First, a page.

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Fuel Concerns: Rising diesel prices add to operator woes

October 31, 2011
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Vikas Singhal, Head, Power and Fuels, ICF International

In India, the demand for diesel has been growing steadily at 4-5 per cent over the past few years. This demand is expected to remain strong throughout the country in the short and medium terms. According to Twelfth Five Year Plan estimates, it is expected to reach 80 million metric tonnes (mmt). By the end of 2011-12, the demand is likely to reach 62 mmt.

The crude and diesel prices have moved at a close linkage. The margin between crude and diesel has been quite high, especially in 2008-09. In 2009-10, however, the prices and the margin between crude and diesel decreased. The movement of oil and crude prices in the global market is an important phenomenon as it can affect the operational costs of the telecom industry.

The high duties levied on diesel and value added tax (VAT) have been the key factors driving up diesel prices. If these components can be rationalised, diesel prices can be brought down. Higher state taxes are leading to a further hike in diesel prices. Due to the difference in VAT and duties across states, diesel prices vary by up to Rs 6 per litre between states. Karnataka, Gujarat, Maharashtra and Madhya Pradesh top the list of states with high diesel prices. The lowest prices, in the range of Rs 40-40.50 per litre, are charged in Haryana, Punjab, Assam, Meghalaya and Mizoram. Diesel prices are the highest in the southern and western regions, and comparatively lower in the northern and eastern states.

With oil prices increasing globally, the union government has continuously worked towards driving down the central sales tax and duties on diesel. There exists a sound rationale behind its intervention in rationalising diesel prices. Currently, 85 per cent of the total crude oil refined in India is imported. The price of crude oil constitutes a substantial portion of the diesel cost, and the high crude prices in the global market lead to an increase in diesel prices in India. Therefore, to reduce the impact of the high international crude prices on the domestic diesel market, the government stepped in to control retail prices.

The government has taken a number of measures to rationalise taxes and duties for keeping diesel prices within reasonable limits. The customs duties on diesel decreased from 20 per cent in 2002 to as low as 2.5 per cent in 2008. Going forward, the government will perhaps do away with subsidies by enabling the sale of diesel at market prices and bring about a further reduction in taxes.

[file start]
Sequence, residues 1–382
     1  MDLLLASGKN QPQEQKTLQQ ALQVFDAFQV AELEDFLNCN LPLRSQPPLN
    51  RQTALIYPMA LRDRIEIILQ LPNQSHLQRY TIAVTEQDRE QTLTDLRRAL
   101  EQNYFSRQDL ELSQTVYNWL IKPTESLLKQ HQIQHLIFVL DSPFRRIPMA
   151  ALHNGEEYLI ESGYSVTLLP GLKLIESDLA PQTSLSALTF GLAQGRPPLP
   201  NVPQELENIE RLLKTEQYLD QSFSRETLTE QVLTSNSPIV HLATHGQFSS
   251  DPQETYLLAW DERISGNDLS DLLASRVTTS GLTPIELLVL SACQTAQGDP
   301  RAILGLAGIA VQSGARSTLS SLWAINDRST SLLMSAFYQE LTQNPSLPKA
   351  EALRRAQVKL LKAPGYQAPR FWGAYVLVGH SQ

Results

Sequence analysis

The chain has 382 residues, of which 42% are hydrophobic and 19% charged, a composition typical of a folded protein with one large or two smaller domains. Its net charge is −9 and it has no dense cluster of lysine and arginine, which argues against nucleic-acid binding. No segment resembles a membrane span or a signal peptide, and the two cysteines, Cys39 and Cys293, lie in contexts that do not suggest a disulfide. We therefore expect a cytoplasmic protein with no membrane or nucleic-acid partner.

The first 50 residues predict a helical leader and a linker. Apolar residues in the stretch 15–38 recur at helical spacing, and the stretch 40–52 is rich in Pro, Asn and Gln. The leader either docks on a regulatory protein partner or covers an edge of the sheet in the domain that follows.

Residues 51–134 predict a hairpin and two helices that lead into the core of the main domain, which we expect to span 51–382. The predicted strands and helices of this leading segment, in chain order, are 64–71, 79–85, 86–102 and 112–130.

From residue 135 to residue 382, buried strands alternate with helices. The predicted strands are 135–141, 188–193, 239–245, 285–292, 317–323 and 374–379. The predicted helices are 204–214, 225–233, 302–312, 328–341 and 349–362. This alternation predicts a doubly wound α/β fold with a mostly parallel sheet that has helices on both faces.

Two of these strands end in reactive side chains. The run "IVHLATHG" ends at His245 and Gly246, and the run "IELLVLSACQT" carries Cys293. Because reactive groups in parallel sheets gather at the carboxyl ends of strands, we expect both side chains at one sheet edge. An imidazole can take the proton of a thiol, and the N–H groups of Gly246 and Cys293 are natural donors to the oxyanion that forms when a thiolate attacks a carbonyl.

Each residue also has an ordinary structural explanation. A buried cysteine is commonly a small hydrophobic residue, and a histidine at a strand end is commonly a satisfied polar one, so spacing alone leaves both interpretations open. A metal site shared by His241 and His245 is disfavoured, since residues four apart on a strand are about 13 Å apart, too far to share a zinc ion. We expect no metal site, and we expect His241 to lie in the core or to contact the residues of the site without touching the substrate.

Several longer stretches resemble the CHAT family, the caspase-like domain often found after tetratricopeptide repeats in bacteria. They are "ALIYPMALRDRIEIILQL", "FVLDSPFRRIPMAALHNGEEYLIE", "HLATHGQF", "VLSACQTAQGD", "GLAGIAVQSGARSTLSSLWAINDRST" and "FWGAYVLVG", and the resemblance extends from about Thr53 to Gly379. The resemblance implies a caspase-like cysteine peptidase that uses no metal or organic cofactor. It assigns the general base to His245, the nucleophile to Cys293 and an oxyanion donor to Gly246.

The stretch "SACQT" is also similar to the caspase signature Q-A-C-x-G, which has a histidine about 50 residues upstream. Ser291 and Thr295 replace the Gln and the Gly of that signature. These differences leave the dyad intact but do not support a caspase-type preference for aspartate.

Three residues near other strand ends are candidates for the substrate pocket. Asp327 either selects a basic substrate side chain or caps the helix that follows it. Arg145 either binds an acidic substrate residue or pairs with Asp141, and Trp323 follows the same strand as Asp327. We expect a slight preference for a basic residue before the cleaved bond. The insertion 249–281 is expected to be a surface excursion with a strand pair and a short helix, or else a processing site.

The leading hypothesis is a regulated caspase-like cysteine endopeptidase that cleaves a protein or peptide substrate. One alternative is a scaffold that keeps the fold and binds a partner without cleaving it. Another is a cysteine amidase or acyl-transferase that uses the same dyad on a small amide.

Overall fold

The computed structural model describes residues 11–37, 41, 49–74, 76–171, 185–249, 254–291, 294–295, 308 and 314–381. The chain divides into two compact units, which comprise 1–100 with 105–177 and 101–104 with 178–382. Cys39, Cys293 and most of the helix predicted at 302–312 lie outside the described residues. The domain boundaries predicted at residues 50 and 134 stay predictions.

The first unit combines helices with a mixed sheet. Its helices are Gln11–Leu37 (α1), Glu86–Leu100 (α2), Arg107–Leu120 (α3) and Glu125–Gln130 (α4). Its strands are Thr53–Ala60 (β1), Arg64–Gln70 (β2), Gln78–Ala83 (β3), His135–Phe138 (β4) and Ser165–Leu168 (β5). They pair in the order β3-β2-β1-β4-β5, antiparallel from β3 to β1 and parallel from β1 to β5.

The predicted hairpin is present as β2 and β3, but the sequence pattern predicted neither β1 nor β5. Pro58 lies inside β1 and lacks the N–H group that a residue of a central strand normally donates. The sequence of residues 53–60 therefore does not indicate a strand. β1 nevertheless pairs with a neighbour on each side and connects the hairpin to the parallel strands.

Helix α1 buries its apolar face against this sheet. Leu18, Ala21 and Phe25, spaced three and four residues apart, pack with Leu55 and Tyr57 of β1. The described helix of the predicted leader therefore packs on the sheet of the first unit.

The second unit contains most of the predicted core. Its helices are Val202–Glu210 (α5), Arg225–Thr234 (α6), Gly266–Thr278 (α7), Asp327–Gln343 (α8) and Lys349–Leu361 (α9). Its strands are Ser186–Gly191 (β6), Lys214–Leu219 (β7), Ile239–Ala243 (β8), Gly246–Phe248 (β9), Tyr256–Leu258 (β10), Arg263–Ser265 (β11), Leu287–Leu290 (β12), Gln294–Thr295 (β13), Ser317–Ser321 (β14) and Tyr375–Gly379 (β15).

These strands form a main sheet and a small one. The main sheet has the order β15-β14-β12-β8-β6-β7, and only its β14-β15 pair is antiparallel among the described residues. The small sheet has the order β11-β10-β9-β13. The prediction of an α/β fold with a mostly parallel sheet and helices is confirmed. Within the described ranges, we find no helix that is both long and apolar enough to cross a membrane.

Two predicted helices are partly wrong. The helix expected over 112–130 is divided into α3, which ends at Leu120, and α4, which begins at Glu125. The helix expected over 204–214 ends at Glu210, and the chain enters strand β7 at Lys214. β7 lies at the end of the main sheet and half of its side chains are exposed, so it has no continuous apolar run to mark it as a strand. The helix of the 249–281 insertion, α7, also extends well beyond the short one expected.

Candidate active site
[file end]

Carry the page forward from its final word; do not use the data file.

In the telecom industry, diesel is consumed primarily by tower companies. The tower industry’s demand for diesel is expected to increase from 2.2 billion litres in 2010 to 2.9 billion litres by 2012 and go up to 3.8 billion litres by 2015. This demand will grow in tandem with the increase in the number of tower sites. India had a portfolio of 337,000 towers as of end-2010, and this number is expected to grow to 452,000 by 2012 and 582,000 by 2015.

Energy costs account for a substantial 52 per cent of the total operational cost of a tower site. The typical energy costs for a telecom site, when power is supplied by the electricity board, are estimated at Rs 26,179 per month and Rs 22,774 per month for an indoor site and for an outdoor site respectively. When there is no supply of power from a state electricity board, these numbers inflate to Rs 37,787 per month and Rs 33,029 per month for an indoor and outdoor site respectively.

Operators need to take several measures to manage their energy costs. On the supply side, alternative sources of energy like solar hybrids, wind energy and gas turbines can be used instead of conventional sources. Hybrid projects of solar panels and diesel generators can be deployed at cell sites that are located farthest from the nearest available grid supply in rural areas. Small wind turbines (3 kW) for harvesting wind energy are typically deployed in areas where the average wind speed is over 4 metres per second. A gas-based generator or a microturbine works on natural gas and is a lot cheaper than diesel oil.

Energy efficiency measures that can be adopted by operators include integrated cell site power management, usage of direct current diesel generators, adoption of fuel catalysts, and remote monitoring of diesel generator runtime and fuel consumption. Such measures can increase the operational efficiency and bring down energy costs at the site.

The government must also be proactive in reducing diesel costs for telecom operators. Since the telecom industry is the third largest consumer of diesel in the country, some portion of the cess (Rs 2 per litre) that is collected on diesel and used for the development and maintenance of national highways, state roads, rural roads and safety should be allocated to the telecom sector for improving energy efficiency and reducing energy costs.

The telecom industry should be classified as an industrial consumer category instead of a commercial consumer category.

The industry needs to build up a case for obtaining government incentives for using alternative energy sources. This includes various options suggested by the Bureau of Energy Efficiency. Energy management services should be procured through a specialised independent solutions provider, where the agency implements and manages the projects. International climate funding options need to be explored for such project-based approaches. Experimenting with new models supported by multilateral funding agencies should be considered by operators. These organisations finance projects that are consistent with environmentally sound energy use.

 
 
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